Healthcare app development is impossible without keeping the UX in mind. 88% of users say they wouldn’t return to an app after having a bad user experience and 44% of them will tell their friends about it. “Developing educational software for medical staff, entertaining health apps and wellness programs our team is guided by high usability standards to digital health solutions. For medical applications, good UX — and, as a part of that, thoughtfully designed UI — is essential for delivering the app’s intent to the user.” – said CEO of Diversido.io. That is vital for mHealth solutions that help users achieve better health outcomes or optimize provider organization’s processes.
In consumer-facing healthcare apps, users generally want to:
- Schedule/Cancel appointment (usually after accessing doctor’s credentials and reviews)
- Receive prescriptions
- Access their medical records
Only 11% of healthcare apps provide users with at least one of those. What’s worse, only 2% of patients use apps that connect them to hospitals — and a major reason they don’t want to use them is poor UX. Diversido has been working with e-health solutions for almost 10 years now and here are a few tips that’ll help you boost the UX of your digital health app.
Users want to use an app if it’s personalized for them — if they feel that it speaks to them, which is what a good UX design agency would provide.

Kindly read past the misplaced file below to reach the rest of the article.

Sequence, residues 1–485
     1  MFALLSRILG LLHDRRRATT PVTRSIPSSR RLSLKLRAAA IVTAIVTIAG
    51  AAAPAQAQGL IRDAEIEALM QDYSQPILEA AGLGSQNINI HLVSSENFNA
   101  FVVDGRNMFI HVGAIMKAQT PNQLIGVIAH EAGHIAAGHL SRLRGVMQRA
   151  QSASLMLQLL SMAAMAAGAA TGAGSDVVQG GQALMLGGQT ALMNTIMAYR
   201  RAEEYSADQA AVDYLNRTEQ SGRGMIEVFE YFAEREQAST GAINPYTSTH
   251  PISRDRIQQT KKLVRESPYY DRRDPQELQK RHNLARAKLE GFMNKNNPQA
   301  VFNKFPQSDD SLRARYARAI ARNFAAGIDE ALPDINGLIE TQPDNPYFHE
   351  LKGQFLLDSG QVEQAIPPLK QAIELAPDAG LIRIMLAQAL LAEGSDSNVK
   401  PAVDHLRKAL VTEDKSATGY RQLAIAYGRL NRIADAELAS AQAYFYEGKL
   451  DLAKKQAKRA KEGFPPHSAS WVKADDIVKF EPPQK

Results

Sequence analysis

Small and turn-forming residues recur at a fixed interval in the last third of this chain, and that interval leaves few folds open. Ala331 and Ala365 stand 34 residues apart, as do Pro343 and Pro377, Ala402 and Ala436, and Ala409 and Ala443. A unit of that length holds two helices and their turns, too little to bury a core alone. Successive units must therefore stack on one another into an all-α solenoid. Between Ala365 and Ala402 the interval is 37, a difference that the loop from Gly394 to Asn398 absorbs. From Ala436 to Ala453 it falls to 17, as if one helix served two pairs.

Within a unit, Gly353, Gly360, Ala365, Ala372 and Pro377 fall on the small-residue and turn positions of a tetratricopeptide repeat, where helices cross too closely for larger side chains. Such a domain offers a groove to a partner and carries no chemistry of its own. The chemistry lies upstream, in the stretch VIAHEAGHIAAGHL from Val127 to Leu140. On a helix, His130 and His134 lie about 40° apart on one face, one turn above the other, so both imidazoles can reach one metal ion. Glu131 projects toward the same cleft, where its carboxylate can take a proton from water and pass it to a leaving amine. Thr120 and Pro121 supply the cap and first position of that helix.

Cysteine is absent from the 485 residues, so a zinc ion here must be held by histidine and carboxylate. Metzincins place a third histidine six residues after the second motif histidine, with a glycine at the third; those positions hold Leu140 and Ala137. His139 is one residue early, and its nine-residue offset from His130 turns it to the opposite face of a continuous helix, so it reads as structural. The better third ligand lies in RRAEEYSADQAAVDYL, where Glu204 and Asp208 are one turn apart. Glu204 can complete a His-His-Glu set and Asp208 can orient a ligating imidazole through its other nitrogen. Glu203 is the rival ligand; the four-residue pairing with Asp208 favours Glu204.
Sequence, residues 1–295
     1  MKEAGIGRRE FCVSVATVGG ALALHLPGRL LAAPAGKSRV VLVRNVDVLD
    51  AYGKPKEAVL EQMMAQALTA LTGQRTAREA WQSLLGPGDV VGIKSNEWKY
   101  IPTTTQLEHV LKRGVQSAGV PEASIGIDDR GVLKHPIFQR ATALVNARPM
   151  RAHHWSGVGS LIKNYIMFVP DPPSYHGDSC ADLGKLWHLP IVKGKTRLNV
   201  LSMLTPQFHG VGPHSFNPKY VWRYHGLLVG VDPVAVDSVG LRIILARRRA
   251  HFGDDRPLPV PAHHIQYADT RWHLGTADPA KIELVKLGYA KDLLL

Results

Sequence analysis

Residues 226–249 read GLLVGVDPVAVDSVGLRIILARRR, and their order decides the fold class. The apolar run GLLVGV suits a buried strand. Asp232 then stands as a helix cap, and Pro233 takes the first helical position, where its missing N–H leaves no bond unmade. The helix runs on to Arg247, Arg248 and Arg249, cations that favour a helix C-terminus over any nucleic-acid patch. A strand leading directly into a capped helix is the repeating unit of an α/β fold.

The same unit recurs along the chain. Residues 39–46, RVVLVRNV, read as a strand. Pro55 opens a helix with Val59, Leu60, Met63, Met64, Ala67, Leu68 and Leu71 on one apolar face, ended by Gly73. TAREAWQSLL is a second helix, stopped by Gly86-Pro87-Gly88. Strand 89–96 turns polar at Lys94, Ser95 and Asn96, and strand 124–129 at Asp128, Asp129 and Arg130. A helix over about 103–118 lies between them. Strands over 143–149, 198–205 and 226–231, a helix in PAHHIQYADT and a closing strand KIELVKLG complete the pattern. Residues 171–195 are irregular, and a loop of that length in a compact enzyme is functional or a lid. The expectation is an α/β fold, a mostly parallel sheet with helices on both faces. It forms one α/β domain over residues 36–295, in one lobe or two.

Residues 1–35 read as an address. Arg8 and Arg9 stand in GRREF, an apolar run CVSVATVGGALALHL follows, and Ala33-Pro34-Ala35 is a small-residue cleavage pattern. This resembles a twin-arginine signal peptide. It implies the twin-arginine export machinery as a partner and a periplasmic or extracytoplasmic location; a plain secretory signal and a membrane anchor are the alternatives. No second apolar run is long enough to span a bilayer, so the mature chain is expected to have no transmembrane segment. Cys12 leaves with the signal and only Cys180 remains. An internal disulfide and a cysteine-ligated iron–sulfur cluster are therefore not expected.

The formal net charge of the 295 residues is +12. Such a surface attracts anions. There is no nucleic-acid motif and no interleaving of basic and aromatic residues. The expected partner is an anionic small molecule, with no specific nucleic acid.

Use the data users provide you with, actively (self-reported information people tell you via mood trackers, in-app surveys, and other self-assessment tools) or passively (the data your app collects about their activity in the app and from their wearables). You can also employ personalization by relying on the location of a user to offer them visiting a clinic, or a lab, or a pharmacy with the meds they need that are located nearby.
Put out an understandable and clear consent form for collecting any kind of personal data — especially health-related.
If the users like the app from the start, they’ll stay for a long time. That’s why onboarding is of paramount importance — make this process as easy and understandable as possible.
- State the unique value of your app and the price users have to pay for it from the start (if there’s any.)
- Ask the user’s name and their phone number or email — but otherwise, keep the form a user needs to fill to a minimum.
- Don’t ask for information that is irrelevant for treatment.
- Include simple, straightforward, and skippable instructions on how to use an app.
- Provide discounts and special offers for the first days if possible.
Help users understand the information your app carries and the value it provides. Keep the language simple and casual. Apply commonly used terms instead of professional slang.
- Medical terms may give a false impression that the disease is more severe than it is.
- Common terms don’t make users google their diagnosis (which is a good thing, because googling usually spikes people’s anxiety.)
- Common terms make for better communication — even complex conditions can be explained in simple terms.
Find a few suggestions on how to simplify the medical jargon in the table below:
Pins and needles
Low blood pressure
Synchronous diaphragmatic flutter